Inside emerging AI topics, from new investment to open-source models


The artificial intelligence industry is ferociously meeting the hype with innovation. Covering every base, there’s considerable economic investment to match technological expansions in emerging AI, such as OpenAI Inc.’s new text-to-video model, Sora.

Another advancement can be seen in Google’s recent Gemini Pro 1.5 announcement, according to AI and data executive Howie Xu (pictured). 

“It was a huge deal — 1 million tokens, and then 10 million tokens in testing, so it’s huge for the large language model,” he said, adding that both Google and OpenAI have “amazing models, amazing progress.”

Xu spoke with theCUBE Research executive analyst John Furrier, during a CUBE Conversation from SiliconANGLE Media’s livestreaming studio in Palo Alto. They discussed the dynamic interplay between technological innovation and real-world application, offering invaluable insights into the emerging AI landscape and the transformative potential it holds for diverse industries.

AI’s vast potential must be tempered with realism

With the advent of open-source models rivaling proprietary counterparts, the industry is witnessing a seismic shift in adoption and functionality. Notable examples include the aforementioned Vertex Gemini and OpenAI Sora, signaling a paradigm shift in AI capabilities.

Amid the fervor, however, skepticism looms regarding the exaggerated claims of AI’s economic impact. While investment vigor remains strong, projections of trillions in dollar amounts — as mentioned by OpenAI CEO Sam Altman — must be juxtaposed against the logistical challenges of infrastructure scalability to keep expectations realistic and achievable, according to Xu.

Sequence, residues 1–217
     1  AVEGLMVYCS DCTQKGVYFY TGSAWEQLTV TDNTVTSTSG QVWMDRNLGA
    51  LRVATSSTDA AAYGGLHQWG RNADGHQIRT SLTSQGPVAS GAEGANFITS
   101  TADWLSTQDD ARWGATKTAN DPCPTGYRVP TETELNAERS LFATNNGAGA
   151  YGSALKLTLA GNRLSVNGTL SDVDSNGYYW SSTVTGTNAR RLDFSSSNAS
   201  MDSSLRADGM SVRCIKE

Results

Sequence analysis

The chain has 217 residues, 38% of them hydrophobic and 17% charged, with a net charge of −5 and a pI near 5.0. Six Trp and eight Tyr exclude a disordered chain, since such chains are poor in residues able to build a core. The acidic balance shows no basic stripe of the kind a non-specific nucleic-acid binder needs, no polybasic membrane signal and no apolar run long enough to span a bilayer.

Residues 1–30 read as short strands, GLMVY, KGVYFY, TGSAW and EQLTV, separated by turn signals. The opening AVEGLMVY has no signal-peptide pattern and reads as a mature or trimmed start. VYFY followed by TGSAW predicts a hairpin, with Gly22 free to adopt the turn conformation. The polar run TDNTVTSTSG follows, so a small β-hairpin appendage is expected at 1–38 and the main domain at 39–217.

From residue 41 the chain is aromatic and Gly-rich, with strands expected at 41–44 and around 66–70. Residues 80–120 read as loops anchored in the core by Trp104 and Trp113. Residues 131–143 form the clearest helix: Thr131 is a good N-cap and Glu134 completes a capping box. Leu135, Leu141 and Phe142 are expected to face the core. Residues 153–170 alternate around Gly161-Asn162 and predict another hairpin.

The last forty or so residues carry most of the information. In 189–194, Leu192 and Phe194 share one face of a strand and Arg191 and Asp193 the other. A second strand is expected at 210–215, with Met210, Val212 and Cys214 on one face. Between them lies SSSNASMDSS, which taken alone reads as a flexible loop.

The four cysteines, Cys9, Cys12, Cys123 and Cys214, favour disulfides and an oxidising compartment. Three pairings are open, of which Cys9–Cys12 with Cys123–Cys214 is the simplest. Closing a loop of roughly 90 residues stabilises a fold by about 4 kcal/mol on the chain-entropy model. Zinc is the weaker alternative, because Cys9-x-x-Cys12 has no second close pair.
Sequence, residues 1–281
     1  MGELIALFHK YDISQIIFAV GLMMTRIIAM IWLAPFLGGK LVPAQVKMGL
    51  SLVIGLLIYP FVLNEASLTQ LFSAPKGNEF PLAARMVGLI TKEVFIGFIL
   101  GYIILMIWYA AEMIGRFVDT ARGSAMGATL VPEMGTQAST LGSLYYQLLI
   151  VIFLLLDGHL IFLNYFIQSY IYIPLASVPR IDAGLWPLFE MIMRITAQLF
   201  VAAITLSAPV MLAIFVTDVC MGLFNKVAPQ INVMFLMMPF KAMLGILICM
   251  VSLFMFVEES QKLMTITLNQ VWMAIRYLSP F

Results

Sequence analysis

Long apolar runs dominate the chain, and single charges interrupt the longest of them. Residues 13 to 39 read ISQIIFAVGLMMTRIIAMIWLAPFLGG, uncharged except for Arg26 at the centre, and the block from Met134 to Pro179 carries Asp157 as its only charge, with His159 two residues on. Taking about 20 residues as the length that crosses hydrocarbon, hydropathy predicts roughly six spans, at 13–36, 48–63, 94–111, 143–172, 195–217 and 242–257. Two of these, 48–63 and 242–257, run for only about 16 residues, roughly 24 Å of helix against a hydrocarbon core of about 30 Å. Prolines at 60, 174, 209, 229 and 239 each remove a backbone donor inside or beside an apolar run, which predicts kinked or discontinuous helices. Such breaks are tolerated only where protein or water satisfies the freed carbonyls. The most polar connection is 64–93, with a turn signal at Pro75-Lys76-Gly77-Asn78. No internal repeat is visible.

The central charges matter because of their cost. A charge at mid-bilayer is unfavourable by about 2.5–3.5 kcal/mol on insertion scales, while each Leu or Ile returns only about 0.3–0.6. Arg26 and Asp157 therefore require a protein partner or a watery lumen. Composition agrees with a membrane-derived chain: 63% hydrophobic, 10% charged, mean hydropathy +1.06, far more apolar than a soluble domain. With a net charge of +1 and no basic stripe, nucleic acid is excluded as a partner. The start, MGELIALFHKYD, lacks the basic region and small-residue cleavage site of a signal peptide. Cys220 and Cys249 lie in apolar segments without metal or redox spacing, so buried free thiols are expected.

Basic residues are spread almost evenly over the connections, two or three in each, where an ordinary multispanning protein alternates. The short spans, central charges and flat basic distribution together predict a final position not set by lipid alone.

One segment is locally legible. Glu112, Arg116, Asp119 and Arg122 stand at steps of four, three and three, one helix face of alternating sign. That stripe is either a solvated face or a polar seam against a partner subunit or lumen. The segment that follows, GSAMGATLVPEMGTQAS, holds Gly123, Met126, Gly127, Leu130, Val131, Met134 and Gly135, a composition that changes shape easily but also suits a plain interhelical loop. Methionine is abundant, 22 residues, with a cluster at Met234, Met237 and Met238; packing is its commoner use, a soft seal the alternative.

“I can see where [Altman] came from,” he said. “They just released Sora, the model, and guess what? He can easily use 100X of the computing power he has today. With that two or three orders of magnitude, that’s 7 trillion. On the other hand, from a technology point of view, it’s more than just a GPU. Once you have the GPU, how do you stand that up? You need a space. You need power. You need cooling — it takes forever to even build that out.”

Navigating the emerging AI landscape: From models to infrastructure

With the industry expanding, there’s been an equal evolution of infrastructure requirements and hosting dynamics within the AI ecosystem. From the proliferation of graphics processing units to the intricacies of data center management, hyperscalers have a critical role in facilitating AI development.

Strategic appointments and investments by companies such as Meta Platforms Inc. and Microsoft Corp. in hardware underscore the symbiotic relationship between technology and infrastructure, according to Xu.

“Meta is going to spend $10 billion on GPUs alone,” he said. “Then I was looking at an earning report of Google, $11 billion, and an earning report of Microsoft, just one quarter, $11 billion for CapEx. I think the service providers, the host data guides, have an advantage because they have the cards, they have the space and they have the cooling.”

On the topic of open-source vs. proprietary AI models, respect must be given to the respective trajectories of each one in AI innovation. While frontier model proponents tout unparalleled computing power, challenges persist in terms of scalability and resource allocation, according to Xu. Conversely, open-source ecosystems foster collaboration and accessibility, driving democratization within the AI landscape.

Here’s theCUBE’s complete video interview with Howie Xu:

Photo: SiliconANGLE

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